Gosh it’s been a minute.

This summer has been a whirlwind. Which you can probably understand by the fact that we’re most of the way through fall and I’m still talking about summer. Oops.

Sally photbombs with reckless abandon

Farming is so much work. I didn’t move here thinking it would be easy, I’m not a complete dullard. And there are things that are hard that I totally expected to be hard. But there are so many utterly unexpected hard things. And so many things that aren’t actually that hard, they just all need to be done right now this week this day this minute and there’s only one of me to do it and suddenly the day is gone and I still have seventeen things that needed to be done yesterday on my list for tomorrow and oh things could die if I don’t get my act together and do it.

(I know I didn’t post about this explicitly, but our move to Oregon was inspired by a need for someone to manage our family farm. It’s a long story — quite literally, as the farm was founded in 1921 — but suffice to say, I wanted the job and the in laws were willing to take a risk on me doing it.)

But it’s been a magnificent summer nonetheless.

I rode an elefante.

I went to Rebecca Farms with the Gallops Saddlery team and had the most wonderful time.

I went to a dopeasfuck wedding.

I ran another horse trials and it was even better than the first two.


We set the dressage courts with a laser level and it was LIFE CHANGING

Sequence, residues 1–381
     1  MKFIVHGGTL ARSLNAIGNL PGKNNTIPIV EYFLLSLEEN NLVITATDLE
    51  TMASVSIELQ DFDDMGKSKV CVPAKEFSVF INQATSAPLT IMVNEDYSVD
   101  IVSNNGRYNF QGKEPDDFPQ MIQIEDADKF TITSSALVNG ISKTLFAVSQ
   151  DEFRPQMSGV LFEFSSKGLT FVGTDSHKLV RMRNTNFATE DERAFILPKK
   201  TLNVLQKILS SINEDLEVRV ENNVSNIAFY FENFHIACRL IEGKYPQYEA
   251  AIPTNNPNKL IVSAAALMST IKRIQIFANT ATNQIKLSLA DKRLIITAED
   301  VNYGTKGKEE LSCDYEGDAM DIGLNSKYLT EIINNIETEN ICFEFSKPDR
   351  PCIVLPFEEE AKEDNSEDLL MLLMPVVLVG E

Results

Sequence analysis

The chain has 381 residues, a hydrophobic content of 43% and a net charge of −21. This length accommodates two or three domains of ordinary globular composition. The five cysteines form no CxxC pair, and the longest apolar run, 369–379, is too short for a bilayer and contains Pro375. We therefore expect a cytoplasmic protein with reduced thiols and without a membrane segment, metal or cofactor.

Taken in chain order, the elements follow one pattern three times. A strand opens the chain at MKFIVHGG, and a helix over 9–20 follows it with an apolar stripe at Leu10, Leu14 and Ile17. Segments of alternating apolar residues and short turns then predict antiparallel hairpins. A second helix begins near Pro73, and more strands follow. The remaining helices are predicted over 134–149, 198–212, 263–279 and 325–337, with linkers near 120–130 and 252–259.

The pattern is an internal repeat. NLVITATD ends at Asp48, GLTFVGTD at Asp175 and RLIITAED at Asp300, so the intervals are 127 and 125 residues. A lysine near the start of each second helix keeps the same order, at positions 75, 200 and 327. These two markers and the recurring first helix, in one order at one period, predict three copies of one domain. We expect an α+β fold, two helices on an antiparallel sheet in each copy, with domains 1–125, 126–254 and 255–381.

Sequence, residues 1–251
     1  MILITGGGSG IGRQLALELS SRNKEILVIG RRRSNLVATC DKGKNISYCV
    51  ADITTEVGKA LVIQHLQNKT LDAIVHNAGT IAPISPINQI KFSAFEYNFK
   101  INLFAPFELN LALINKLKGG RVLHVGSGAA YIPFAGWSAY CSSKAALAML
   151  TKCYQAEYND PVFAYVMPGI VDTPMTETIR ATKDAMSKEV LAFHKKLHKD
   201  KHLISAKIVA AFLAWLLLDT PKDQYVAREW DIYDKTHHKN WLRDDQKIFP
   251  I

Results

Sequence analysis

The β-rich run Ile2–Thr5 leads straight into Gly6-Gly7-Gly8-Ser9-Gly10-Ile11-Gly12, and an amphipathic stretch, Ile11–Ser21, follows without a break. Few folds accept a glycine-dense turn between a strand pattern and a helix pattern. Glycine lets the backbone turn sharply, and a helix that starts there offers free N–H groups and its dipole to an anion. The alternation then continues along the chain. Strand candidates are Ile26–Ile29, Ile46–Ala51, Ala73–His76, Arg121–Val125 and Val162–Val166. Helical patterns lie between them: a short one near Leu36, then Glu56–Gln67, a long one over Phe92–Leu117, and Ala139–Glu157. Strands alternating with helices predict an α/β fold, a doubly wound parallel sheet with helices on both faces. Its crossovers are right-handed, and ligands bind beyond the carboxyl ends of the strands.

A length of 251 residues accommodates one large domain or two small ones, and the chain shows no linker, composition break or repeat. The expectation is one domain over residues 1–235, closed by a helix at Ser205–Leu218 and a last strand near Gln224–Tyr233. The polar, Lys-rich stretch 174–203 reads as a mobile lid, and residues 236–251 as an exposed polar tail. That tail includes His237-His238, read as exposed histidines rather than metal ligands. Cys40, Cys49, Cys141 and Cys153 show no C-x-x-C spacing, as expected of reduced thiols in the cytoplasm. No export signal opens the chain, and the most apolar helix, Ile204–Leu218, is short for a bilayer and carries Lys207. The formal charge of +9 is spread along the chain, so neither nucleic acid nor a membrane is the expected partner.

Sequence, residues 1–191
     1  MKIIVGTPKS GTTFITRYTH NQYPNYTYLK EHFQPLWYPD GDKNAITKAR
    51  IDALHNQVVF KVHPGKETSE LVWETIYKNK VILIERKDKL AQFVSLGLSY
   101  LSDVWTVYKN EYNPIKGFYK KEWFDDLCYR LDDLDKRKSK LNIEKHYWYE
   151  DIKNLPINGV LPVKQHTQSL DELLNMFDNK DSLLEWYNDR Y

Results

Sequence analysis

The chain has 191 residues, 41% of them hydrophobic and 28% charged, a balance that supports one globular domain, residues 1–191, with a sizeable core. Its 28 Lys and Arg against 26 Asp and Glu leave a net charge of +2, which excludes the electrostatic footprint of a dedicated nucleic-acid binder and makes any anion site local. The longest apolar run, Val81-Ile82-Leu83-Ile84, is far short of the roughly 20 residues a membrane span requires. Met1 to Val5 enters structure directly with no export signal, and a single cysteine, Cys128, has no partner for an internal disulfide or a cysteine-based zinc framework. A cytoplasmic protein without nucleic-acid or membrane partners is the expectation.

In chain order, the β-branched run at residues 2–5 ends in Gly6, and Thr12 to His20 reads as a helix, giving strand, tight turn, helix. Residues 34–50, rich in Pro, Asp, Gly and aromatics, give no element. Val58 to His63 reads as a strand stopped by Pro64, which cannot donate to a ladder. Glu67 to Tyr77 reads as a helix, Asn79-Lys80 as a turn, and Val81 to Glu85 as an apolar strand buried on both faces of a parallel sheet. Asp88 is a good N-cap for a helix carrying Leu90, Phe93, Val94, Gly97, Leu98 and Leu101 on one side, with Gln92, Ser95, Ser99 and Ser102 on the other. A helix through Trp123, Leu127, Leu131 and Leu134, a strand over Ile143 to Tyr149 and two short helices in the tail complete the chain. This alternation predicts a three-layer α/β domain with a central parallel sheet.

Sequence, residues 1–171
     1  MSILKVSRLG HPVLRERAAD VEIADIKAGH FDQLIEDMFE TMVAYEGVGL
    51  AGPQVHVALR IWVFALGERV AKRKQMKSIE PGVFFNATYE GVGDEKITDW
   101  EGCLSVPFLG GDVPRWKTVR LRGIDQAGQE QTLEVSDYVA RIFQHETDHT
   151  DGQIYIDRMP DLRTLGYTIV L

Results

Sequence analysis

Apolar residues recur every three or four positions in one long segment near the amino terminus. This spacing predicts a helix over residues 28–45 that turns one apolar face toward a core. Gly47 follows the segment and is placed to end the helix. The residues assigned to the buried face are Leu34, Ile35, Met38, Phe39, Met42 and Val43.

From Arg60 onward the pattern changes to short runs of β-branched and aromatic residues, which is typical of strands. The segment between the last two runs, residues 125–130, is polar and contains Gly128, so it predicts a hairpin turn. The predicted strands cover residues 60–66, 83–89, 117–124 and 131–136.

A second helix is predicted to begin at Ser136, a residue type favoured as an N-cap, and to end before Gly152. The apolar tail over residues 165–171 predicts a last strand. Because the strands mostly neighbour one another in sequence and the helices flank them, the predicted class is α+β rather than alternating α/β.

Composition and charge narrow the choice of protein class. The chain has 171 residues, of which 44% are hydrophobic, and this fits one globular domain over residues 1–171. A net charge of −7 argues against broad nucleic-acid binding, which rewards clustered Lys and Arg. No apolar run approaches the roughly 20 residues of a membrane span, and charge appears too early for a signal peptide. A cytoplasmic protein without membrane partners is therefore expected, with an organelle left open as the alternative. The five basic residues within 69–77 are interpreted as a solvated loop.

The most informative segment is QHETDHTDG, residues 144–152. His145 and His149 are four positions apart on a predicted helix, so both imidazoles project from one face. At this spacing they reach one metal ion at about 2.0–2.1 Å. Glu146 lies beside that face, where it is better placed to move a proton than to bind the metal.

Timer and I have been working together better than ever. There were lots of days I had to skip rides this summer and even this fall, but he’s a champ. He’s teaching me a ton. It’s fabulous.

I have many learnings to share. They will have to come later.

I hatched chicks!


I learned that 2 is the maximum number of freshly hatched peeps I can fit in my tiny hand

And we had a power outage the day they hatched so I spent most of a night with them stuffed in my robe desperately trying to figure out how to keep them in 95*F+ temps until we got power back.

We pressed and fermented 20 gallons of cider. (Theresa, my door is open to you. Bring some growlers.)

And canned 42 quarts of tomatoes.

And those were all the things I somehow managed to squeeze in around farm work. I’ve never wished for rain so badly in my life. Which, more than anything, I think, solidifies my status as a farmer now.

So writing fell to the wayside, unfortunately. And so did reading. Though I squeezed blog reading in on many water runs this summer, and it was wonderful to be able to satisfy the horsey itch a tiny bit in those brief times. But I have some thoughts, accumulated from a few months of sitting. And I should have some time to write here soon. I keep thinking the time when I’ll have time is just around the corner, but hopefully I’m right this time.

5 thoughts on “”

  1. What an adventure you are on. It sounds perfect to me. I love that you put the chicks in your bosom! What a great solution. We have a small farm and it is a lot of work. But we also have a generator and that is life saving.

    Like

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